POND ISLAND–The Joint Court of Justice has overturned the judgment of the Court of First Instance in the so-called “Dump” case involving stench and other nuisance caused by fires at the sanitary landfill on Pond Island.
On Friday, judges denied the claim of litigants that the Fire Suppression Project (FSP), which is part of the Emergency Debris Management Project (EDMP), has to be completed by May 1, 2020.
On August 16, 2019, Country St. Maarten filed an appeal against the Court of First Instance’s order to finalise the Fire Suppression Plan by May 1, 2020, at the latest. In case of non-compliance the Court ordered Government to pay daily fees of NAf. 10,000, with a maximum of NAf. 10 million, to Nature Foundation St. Maarten.
The appeal was heard November 14, 2019, with attorneys Jelmer Snow and Camiel Koster representing the litigants and attorney Caroline van Hees on behalf of Country St. Maarten. Ministry of Public Housing, Spatial Development, Environment and Infrastructure VROMI Secretary-General Louis Brown was also present on behalf of the government.
Litigants Barbara Cannegieter, Koster, and BZSE Attorneys at Law had called on the Joint Court to uphold the verdict and to attach daily penalties of US $5,000 to a maximum of $1 million to the verdict.
The main reason for the Appellate Court’s decision to overturn the lesser court’s judgment is that there is no, or at least insufficient, nuisance anymore to arrive at the conclusion that the problem at the dumpsite should be considered unlawful.
There have not been any surface fires at the dumpsite for a year and any nuisance that still exists, such as a foul smell and stench, is minimal and related to any dumpsite, according to the Joint Court’s judges.
The landfill, which reached its maximum capacity in 2008, caused many problems over the years. In 2018 alone, there were 32 major fires, and permanent underground fires reached a temperature of 300 degrees Celsius (572 Fahrenheit).
World Bank procedures
The Appellate Court considered it impossible for the Government of St. Maarten to meet the May 2020 deadline, as this also depends on World Bank procedures.
The execution of the fire-suppression plan includes a number of “drastic and time-consuming steps,” including the Resettlement Action Plan which includes the temporary relocation of approximately 100 families and businesses in the vicinity of the landfill. The relocation has yet to start and the Court considers it practically impossible that this will be realised before May.
“Although Cannegieter et al have questioned the progress of the EMDP and the efforts of Country St. Maarten, it is currently not likely that it is due to the Government that the FSP will not be implemented before May 1,” the Appeals Court stated.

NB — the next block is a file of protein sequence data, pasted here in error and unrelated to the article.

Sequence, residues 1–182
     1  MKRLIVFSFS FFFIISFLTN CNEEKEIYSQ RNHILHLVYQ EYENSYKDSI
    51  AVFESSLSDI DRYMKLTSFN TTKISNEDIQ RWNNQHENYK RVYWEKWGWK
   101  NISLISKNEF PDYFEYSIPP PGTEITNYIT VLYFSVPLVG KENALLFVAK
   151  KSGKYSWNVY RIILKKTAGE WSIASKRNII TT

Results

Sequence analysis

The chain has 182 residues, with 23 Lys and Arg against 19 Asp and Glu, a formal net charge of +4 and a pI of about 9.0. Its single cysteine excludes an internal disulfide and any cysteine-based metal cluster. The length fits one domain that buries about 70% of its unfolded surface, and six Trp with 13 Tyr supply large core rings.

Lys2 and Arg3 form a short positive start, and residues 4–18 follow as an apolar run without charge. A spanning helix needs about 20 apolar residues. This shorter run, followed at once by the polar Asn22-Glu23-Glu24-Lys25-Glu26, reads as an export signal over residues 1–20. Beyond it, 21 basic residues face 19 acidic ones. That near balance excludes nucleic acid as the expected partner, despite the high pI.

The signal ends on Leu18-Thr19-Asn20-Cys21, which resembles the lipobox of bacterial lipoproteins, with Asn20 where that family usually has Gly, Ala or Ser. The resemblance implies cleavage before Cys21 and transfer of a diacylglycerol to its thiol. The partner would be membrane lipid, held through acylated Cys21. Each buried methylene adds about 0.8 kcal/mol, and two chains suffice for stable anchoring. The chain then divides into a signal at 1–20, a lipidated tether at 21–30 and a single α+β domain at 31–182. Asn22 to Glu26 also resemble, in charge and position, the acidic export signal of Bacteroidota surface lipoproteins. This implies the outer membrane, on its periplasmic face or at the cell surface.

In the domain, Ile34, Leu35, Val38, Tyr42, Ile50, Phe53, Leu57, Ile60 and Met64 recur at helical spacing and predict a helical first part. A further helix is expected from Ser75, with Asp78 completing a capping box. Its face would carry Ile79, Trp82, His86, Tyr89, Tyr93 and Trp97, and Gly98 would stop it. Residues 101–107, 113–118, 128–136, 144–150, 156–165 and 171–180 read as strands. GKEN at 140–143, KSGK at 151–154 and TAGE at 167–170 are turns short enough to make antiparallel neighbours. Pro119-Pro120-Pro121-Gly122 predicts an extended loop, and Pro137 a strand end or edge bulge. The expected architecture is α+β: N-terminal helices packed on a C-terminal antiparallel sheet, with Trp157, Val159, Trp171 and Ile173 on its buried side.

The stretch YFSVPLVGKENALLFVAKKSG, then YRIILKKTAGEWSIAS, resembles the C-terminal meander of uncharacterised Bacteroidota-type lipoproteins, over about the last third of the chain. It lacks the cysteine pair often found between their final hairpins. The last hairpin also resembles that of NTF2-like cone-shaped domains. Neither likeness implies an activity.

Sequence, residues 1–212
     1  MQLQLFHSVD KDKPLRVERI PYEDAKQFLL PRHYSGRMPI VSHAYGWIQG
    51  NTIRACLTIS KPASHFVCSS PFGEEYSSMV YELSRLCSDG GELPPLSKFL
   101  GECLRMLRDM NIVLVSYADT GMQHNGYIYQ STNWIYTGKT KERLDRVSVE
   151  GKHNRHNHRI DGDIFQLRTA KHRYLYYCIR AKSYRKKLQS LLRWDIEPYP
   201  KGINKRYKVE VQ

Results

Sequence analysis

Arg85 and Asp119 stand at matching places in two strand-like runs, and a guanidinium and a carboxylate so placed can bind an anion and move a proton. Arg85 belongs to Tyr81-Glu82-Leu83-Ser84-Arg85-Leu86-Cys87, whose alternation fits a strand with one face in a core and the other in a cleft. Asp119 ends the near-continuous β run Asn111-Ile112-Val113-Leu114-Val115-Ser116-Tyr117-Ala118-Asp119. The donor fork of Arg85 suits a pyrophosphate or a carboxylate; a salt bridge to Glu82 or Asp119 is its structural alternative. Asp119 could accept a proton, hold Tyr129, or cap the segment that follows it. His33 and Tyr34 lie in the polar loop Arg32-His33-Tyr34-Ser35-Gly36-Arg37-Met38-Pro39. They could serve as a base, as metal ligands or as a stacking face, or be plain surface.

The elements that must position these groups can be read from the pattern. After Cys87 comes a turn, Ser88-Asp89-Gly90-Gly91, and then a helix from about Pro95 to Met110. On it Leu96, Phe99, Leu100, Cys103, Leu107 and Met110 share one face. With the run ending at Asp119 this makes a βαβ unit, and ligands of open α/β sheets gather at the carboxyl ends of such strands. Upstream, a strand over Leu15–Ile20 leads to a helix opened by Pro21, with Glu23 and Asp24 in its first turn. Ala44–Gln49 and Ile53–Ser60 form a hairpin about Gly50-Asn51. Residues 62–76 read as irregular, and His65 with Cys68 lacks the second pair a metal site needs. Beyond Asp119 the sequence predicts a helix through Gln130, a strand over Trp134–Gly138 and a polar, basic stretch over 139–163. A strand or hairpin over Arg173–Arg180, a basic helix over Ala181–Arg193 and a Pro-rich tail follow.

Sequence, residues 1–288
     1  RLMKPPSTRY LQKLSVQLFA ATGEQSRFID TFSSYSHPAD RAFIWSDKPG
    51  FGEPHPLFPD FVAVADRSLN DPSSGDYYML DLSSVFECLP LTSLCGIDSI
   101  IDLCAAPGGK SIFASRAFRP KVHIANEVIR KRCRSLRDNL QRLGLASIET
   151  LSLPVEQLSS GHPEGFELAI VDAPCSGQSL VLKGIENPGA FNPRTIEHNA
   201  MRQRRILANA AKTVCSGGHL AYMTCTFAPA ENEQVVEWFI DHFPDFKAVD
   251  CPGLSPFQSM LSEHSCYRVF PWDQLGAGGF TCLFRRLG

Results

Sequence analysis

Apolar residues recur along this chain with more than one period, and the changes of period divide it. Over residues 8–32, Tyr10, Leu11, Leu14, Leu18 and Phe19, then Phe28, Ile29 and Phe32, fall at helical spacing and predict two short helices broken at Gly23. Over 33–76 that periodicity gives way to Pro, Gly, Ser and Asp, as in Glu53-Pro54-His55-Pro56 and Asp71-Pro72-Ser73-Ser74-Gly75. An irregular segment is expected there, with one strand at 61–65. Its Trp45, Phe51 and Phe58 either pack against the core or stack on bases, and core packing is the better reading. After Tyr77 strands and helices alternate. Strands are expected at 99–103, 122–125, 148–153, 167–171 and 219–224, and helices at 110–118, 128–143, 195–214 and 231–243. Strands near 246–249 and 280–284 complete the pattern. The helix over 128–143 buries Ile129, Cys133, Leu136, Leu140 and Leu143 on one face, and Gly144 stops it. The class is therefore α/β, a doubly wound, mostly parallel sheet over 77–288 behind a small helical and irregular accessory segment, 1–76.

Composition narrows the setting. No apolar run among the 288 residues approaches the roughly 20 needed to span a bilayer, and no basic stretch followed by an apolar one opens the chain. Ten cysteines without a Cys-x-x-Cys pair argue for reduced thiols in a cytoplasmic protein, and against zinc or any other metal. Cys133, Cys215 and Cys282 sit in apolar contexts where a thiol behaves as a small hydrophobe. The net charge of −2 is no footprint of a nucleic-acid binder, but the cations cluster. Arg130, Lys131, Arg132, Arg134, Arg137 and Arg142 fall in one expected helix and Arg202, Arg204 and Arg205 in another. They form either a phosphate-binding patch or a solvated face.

In the Court’s opinion, St. Maarten should be making “maximum efforts” with the World Bank to arrive at a structural approach to the underground fires. The threat of new nuisance is sufficiently realistic; for example, when a hurricane provides large quantities of oxygen, the Court said. However, this does not alter the fact that, in the Court’s provisional judgment, there can be no question of unlawful nuisance.
There are also no concrete indications that Government will discontinue the measures taken, including taking over dump management and applying the alternative daily cover, and/or will terminate the agreement with the World Bank and the Netherlands, or that it will forfeit the financial support in any other way. In addition, setting a new deadline would be guesswork, the Appeals Court stated, because parties had not provided sufficient leads for this.
While there is no nuisance at the moment, the Court alludes to the possibility to file a new injunction in case there are reasons to believe Government is to be blamed for delays in the execution of the FSP.
Attorney Koster said the Court described the feelings of plaintiffs Cannegieter, BZSE and himself perfectly. “We have started this case in the public interest. We did not charge anyone for attorney’s fees, we did not collect litigation fees from Government, and Barbara Cannegieter, Jelmer Snow, me and the other BZSE lawyers have spent countless hours pro bono to do what needed to be done.
“While our case, especially in an injunction, was legally-speaking not a challenging one, our intention was to use the momentum back in August 2018. The dump was burning constantly, and with the Trust Fund and the involvement of the World Bank, we saw an opportunity to seek attention for this very bad and unhealthy situation.
“Therefore, we have actively sought local and international media attention. Barbara has reached out tirelessly to many people in the community to get witness statements, seek support via social media, which helped to build the foundation of this case. This truly was a team effort,” Koster said.
The Court confirmed in its ruling that these efforts have led to a situation whereby Government took over and improved dump management so that surface fires hopefully remain something of the past.
The Appeals Court also stated that this litigation, with the active involvement of the Court of First Instance, has sped up the entire process of policy-making regarding the dump, and has not slowed it down as Government had argued.
“While the Court has ordered us to pay Government’s legal fees of NAf. 900, Government could consider doing the same as what we did: not collect these from the plaintiffs,” Koster stated.
Bron: Daily Herald